Philipp Meyer’s Savage West


Philipp Meyer’s 2009 debut novel, American Rust, established him as a major literary talent. A gritty novel set in a Philadelphia steel town, it drew comparisons to the novels of William Faulkner, Ernest Hemingway, John Steinbeck, and Cormac McCarthy. The novel earned Meyer much critical attention, as well, and put him on The New Yorker‘s “20 Under 40 list” celebrating young writers worth keeping an eye on. The working-class characters of American Rust had dreams beyond than the small town they grew up in; now, Meyer’s second novel, The Son, aims even higher. It’s an epic Western spanning four generations of Texans, from the days when Comanche attacks were a simple fact of frontier life, through the Civil War, the cattle boom, a blood feud with Mexican ranchers, and finally the oil boom ushering in the modern era.

Publishers Weekly has already called The Son a “destined classic.” And it has the larger-than-life sweep common to a certain tradition of great literature that takes a culture’s mythic history as its subject. But what is most impressive about Meyer’s novel is how fast you end up turning the pages—almost 600 of them. Its central character is Eli McCullough, a patriarch who casts a long shadow, but whose story begins as a boy whose frontier family is killed by Comanche. A natural outdoorsman, mentally and constitutionally tough, he passes a few Comanche tests (his poet brother does not). Then Eli becomes Comanche-at least for a little a while.

EVAN WINCHESTER: There’s a paragraph where Eli scalps a man who resembles his father. After a paragraph jump, right away we’re into a matter-of-fact list of the man’s belongings.

PHILIPP MEYER: Yeah, in the case of when he kills and scalps the scalp hunter, he is definitely going through the guy’s possessions in his head, trying to get over the horror of doing this. He’s killed people a couple times. It’s like with child soldiers. On one hand, they adapt super quickly to killing, because their minds are so very, very malleable. On the other hand, it’s shocking.

When we think of the myth of the settling of the West, this is our creation myth. But because we think of it as mythology, not as real people interacting with other real people, we ignore the cost of human lives, and blood. I think the Cormac McCarthy approach, where you wipe out a massive village and move on—at least with Blood Meridian—I didn’t want to do that. I didn’t want the novel to be unrealistic in the sense of avoiding violence, because it was a very violent time in history. But I also did not want the violence to become too cinematic, you know?

WINCHESTER: Something that really comes through in the novel is that violence is a way of life for the whites and for the Comanche. It’s part of life. There’s a part of the novel—it was an Eli chapter—that suggested that the Comanche had less psychological baggage around killing, because it was part of living in a war culture.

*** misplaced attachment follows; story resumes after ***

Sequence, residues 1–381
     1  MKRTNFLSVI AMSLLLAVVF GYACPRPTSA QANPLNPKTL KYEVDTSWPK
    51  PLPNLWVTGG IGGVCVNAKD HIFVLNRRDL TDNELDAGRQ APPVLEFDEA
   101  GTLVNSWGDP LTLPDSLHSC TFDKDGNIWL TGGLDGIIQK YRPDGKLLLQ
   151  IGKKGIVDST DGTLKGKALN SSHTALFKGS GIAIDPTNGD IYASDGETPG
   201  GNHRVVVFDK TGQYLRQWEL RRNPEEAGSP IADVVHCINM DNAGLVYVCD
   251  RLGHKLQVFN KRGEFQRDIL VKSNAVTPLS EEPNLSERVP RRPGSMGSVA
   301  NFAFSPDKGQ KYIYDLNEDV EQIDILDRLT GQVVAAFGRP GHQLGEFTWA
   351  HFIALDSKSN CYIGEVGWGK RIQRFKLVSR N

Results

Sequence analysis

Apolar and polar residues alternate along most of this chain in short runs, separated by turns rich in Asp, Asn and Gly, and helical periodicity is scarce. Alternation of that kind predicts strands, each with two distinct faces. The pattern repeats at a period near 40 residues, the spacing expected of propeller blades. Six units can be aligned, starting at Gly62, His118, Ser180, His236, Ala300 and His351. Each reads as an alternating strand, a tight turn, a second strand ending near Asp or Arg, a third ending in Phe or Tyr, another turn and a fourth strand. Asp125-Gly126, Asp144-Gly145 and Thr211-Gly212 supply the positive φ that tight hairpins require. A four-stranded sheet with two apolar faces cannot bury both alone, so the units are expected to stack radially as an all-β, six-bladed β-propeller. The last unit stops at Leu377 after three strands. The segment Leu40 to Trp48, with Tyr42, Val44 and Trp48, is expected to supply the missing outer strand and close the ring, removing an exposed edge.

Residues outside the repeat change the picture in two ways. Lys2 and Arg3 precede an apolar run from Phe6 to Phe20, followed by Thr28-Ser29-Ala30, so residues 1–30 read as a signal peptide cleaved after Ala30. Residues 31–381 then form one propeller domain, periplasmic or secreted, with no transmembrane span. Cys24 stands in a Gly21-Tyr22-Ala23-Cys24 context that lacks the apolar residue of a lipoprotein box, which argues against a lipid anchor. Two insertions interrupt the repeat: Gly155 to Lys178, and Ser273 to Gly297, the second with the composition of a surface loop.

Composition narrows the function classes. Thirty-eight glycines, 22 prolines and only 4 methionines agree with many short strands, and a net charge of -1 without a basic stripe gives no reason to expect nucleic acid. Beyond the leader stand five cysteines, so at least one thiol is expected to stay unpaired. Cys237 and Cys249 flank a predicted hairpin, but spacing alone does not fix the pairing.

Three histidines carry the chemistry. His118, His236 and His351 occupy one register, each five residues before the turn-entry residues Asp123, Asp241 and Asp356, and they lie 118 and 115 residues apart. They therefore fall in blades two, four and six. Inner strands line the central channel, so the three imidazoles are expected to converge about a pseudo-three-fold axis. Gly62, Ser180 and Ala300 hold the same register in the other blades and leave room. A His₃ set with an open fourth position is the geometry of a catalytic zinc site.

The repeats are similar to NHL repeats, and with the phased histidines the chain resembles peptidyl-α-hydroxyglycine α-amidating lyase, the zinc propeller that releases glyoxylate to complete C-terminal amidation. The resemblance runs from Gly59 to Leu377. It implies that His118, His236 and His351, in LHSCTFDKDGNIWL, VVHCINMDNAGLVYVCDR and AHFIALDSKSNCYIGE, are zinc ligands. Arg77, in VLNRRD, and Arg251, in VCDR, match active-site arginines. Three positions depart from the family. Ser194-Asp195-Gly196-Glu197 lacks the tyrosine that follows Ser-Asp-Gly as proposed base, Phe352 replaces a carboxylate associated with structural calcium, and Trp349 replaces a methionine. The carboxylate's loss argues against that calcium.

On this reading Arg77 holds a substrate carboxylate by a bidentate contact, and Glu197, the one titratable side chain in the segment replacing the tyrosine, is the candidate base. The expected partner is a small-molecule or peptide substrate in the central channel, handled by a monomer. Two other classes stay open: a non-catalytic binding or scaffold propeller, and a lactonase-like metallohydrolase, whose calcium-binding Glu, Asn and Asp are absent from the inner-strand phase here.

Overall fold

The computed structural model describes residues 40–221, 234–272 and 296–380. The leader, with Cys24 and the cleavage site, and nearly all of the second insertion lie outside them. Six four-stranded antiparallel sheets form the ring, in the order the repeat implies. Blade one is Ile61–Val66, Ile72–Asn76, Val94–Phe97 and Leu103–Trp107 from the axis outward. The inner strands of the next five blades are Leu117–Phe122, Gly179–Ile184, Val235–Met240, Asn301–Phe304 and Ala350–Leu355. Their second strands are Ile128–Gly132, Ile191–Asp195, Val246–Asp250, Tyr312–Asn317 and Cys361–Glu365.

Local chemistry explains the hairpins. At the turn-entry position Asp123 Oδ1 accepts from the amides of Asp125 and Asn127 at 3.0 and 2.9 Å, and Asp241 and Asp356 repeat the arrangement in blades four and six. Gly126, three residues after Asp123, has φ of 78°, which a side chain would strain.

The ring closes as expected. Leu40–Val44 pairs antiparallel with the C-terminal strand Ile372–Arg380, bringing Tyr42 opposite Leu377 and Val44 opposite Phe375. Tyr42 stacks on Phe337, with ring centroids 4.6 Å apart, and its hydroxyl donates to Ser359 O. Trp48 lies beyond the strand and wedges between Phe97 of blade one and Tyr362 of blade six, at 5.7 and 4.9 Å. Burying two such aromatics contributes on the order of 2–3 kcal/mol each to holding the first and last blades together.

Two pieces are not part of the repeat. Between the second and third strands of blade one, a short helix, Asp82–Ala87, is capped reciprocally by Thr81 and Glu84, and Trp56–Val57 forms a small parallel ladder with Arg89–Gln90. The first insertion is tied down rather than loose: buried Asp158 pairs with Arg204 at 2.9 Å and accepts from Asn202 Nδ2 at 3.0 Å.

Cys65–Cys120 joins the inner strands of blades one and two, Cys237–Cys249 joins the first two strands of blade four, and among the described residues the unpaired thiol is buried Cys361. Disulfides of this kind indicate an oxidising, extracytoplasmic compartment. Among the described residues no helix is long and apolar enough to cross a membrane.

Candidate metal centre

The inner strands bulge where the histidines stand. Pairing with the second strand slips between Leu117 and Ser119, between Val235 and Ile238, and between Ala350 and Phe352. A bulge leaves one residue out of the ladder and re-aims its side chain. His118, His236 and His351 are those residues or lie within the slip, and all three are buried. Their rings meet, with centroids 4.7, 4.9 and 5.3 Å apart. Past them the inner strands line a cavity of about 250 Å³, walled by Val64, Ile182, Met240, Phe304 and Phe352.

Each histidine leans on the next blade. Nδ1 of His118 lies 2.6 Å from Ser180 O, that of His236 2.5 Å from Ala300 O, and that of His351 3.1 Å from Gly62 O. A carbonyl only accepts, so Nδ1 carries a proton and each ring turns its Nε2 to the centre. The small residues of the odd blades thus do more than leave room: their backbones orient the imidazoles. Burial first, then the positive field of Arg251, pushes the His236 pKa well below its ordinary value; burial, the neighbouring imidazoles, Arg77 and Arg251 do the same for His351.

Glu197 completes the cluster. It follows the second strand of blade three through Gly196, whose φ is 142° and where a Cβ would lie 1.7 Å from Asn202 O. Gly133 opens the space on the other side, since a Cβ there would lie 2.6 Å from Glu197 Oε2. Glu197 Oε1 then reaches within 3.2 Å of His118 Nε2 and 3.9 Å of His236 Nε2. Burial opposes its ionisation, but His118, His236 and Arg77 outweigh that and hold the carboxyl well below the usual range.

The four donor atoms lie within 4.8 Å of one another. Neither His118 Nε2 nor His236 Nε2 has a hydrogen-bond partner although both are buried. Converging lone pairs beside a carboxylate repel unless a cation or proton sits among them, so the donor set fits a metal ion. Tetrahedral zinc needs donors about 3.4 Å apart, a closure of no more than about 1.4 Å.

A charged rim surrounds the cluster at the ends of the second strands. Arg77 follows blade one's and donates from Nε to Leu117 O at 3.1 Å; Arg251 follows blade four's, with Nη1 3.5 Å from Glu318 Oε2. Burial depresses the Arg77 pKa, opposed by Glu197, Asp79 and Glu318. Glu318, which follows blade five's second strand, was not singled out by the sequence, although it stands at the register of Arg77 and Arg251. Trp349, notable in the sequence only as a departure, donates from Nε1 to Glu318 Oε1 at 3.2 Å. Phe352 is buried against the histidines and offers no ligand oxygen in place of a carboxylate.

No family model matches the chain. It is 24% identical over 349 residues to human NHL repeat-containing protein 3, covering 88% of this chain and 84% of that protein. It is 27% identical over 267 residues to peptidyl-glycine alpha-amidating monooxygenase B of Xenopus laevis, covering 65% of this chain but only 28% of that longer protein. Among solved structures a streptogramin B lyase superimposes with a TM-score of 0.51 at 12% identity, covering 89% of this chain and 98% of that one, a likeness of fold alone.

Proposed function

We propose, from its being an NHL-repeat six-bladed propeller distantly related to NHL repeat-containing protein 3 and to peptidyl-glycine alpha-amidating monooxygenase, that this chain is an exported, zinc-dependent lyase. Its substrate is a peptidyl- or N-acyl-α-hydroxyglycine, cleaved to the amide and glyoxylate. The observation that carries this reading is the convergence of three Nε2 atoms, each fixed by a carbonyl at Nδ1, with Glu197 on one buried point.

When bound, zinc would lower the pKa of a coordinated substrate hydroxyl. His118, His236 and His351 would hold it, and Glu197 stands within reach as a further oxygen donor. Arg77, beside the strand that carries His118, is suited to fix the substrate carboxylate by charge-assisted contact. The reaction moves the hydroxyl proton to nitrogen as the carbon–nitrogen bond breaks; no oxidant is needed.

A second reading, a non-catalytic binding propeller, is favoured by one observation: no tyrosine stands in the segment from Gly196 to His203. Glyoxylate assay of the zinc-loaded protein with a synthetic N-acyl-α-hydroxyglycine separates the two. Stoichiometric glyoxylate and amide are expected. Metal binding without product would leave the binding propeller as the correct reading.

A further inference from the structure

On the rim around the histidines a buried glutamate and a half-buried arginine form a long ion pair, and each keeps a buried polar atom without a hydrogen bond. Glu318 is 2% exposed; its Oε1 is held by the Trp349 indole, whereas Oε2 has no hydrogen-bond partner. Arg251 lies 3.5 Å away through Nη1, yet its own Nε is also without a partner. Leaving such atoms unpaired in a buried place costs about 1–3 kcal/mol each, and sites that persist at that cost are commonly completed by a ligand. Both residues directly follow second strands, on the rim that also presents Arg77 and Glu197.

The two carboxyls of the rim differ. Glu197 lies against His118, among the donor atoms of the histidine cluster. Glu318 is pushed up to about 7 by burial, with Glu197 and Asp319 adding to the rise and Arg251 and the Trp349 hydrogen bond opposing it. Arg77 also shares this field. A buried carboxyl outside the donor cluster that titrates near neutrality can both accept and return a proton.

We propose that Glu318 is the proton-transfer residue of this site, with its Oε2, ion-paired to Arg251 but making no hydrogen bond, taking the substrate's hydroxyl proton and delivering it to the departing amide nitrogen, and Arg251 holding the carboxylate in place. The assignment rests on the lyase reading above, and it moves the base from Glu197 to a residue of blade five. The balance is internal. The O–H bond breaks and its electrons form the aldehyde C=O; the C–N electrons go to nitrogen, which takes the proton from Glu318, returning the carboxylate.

MEYER: Yeah, absolutely. I think that they did, too. But they knew what they were doing. They always knew what they were fighting for. They were fighting for the benefit of people that they personally knew. They were fighting for the extended family unit conglomerated into a village of 1,000 people. They’re not fighting for an abstraction in the way that modern, Christian-era European armies do when they travel several thousand miles and then go into battle. Are they personally benefitting from this? Not really. They’re told they’re fighting for glory and their way of life or whatever. But in truth, they’re probably fighting for the benefit of the people who run that country. Folks living in smaller societies don’t really have that problem.

WINCHESTER: At certain points, the novel moves into the mythic register, when healing is taking place. For instance, Peter begins to write in Maria’s voice.

MEYER: Exactly, right.

WINCHESTER: And as he starts to empathize with her and write in her voice, he’s also retelling legends. When the book moves into the mythic register there, those are some of the novel’s moments of profoundest empathy.

MEYER: That’s absolutely true. There’s a reason that all societies and cultures and small bands of humans engage in myth-making. Fundamentally it is to help us understand ourselves. It’s to help us understand each other, help us understand where we come from. It helps give your life as an individual a context and a meaning, and there’s this practical thing in terms of having social coherence as well. Peter is definitely doing that when he’s writing in Maria’s voice.

And on a broader level, the character of Eli in the structure of this book—I didn’t really have an Eli character at first. To write a historical novel, all the heroes that I have are all the big modernists—Joyce, Faulkner, Virginia Woolf. They didn’t write historical fiction, really. Faulkner, a little bit. This book took exactly five years to write. I was two and a half years in, when I realized that I had a bunch of people sitting around and talking about how America was founded, and it was sort of like the characters spouting philosophical bullshit from my brain. And I realized it was fundamentally not working. If you’re going to do that, you need to write a book of nonfiction.